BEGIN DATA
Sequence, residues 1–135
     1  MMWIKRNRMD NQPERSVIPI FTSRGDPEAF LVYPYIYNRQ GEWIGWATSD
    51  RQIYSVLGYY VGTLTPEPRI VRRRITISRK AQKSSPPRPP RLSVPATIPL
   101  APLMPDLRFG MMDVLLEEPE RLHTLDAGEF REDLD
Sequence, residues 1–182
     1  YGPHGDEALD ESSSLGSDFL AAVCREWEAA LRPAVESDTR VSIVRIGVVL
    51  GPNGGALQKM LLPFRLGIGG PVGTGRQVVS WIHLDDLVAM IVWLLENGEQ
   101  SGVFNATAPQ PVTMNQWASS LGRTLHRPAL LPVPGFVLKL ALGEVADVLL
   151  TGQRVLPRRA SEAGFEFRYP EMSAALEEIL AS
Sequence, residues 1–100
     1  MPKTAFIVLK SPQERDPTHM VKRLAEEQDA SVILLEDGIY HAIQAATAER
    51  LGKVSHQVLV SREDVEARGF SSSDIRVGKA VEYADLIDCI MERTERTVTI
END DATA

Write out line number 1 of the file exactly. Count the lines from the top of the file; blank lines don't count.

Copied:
Sequence, residues 1–135